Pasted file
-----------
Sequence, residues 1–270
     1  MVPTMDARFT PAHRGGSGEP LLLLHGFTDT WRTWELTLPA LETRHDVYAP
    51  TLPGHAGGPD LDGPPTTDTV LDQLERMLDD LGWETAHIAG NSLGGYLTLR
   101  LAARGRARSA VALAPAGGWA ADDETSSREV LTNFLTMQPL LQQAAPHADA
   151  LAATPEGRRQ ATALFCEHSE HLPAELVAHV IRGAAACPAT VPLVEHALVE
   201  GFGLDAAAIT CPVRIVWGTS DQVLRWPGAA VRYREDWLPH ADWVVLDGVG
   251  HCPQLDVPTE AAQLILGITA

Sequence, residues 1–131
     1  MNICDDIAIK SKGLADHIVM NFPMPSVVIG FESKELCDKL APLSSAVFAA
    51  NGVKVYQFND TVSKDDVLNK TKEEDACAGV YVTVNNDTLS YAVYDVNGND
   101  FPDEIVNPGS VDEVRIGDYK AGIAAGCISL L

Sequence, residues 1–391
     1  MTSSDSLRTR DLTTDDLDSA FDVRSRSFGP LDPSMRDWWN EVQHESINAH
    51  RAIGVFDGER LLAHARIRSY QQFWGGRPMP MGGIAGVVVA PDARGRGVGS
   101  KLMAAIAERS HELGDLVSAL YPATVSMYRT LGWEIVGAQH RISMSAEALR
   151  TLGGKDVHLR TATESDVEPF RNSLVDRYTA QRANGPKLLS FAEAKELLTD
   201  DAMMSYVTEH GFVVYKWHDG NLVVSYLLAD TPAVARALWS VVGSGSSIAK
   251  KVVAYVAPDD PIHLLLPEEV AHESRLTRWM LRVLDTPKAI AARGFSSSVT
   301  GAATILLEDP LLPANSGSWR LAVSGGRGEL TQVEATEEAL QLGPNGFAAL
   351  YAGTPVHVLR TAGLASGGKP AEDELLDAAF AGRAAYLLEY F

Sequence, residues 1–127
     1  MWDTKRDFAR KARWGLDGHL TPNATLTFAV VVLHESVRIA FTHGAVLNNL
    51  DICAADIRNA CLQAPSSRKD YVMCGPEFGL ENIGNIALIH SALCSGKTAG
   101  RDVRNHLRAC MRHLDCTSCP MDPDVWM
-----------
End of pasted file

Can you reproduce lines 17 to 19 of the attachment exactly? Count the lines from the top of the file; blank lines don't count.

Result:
   201  DAMMSYVTEH GFVVYKWHDG NLVVSYLLAD TPAVARALWS VVGSGSSIAK
   251  KVVAYVAPDD PIHLLLPEEV AHESRLTRWM LRVLDTPKAI AARGFSSSVT
   301  GAATILLEDP LLPANSGSWR LAVSGGRGEL TQVEATEEAL QLGPNGFAAL